- Upgrade .NET Framework to 4.7.1 (Optional)
Note that in addition to information being refreshed on Microsoft pages, availability of older Cumulative Updates or .NET Framework updates might also change, so archive those files accordingly, if not for recovery of existing Exchange servers, then for this exact purpose.
Of course, you should stay current as possible from a support and security perspective, making the above a non-issue. Reality is, there are customers who have reasons, legitimate or not, to be trailing with updates in their environment, and at some point may need guidance on how to proceed in order to get current. I hope this information helps in those situations.
Thoughts and feedback is welcomed in the comments.
Update: Per February 13th, Microsoft updated upgrade guidance on the Exchange Supportability Matrix page, stating:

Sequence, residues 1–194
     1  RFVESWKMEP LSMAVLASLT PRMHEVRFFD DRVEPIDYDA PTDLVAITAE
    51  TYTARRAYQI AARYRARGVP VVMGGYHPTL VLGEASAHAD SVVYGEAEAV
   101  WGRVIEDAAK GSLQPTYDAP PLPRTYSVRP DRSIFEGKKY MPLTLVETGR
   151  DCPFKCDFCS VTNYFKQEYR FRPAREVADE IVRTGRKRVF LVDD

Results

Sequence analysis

“When upgrading Exchange from an unsupported CU to the current CU and no intermediate CUs are available, you should upgrade to the latest version of .NET that’s supported by Exchange first and then immediately upgrade to the current CU. This method doesn’t replace the need to keep your Exchange servers up to date and on the latest, supported, CU. Microsoft makes no claim that an upgrade failure will not occur using this method, which may result in the need to contact Microsoft Support Services”.
This means you will be supported when upgrading in the revised upgrade path, but the risk is still there. In the example above, when going from Exchange 2013 CU6 with .NET 4.5.1 to CU19, the support statement indicates you can upgrade to .NET Framework 4.7.1, when install CU19. However, things might break and you may need to contact support to get back in a supported, working situation. Therefor, I repeat my recommendation to download and archive CU’s and .NET Framework files, even when you are not planning on installing them (yet).